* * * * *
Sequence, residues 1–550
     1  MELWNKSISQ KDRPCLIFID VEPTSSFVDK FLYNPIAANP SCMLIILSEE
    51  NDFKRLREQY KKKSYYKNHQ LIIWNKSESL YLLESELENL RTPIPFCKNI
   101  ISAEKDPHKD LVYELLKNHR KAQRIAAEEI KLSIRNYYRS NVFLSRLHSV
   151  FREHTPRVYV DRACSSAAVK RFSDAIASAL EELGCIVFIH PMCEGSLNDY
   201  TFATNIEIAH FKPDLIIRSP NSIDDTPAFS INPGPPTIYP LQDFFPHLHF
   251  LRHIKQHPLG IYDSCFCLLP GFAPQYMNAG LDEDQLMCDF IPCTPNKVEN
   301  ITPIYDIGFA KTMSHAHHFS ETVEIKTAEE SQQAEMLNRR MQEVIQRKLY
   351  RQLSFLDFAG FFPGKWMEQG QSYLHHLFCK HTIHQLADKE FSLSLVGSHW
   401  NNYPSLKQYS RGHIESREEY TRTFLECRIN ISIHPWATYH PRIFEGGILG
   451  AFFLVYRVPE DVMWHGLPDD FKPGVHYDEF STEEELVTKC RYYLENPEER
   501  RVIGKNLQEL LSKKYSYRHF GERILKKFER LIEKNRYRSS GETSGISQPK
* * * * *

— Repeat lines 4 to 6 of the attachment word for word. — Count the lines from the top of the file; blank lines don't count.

   101  ISAEKDPHKD LVYELLKNHR KAQRIAAEEI KLSIRNYYRS NVFLSRLHSV
   151  FREHTPRVYV DRACSSAAVK RFSDAIASAL EELGCIVFIH PMCEGSLNDY
   201  TFATNIEIAH FKPDLIIRSP NSIDDTPAFS INPGPPTIYP LQDFFPHLHF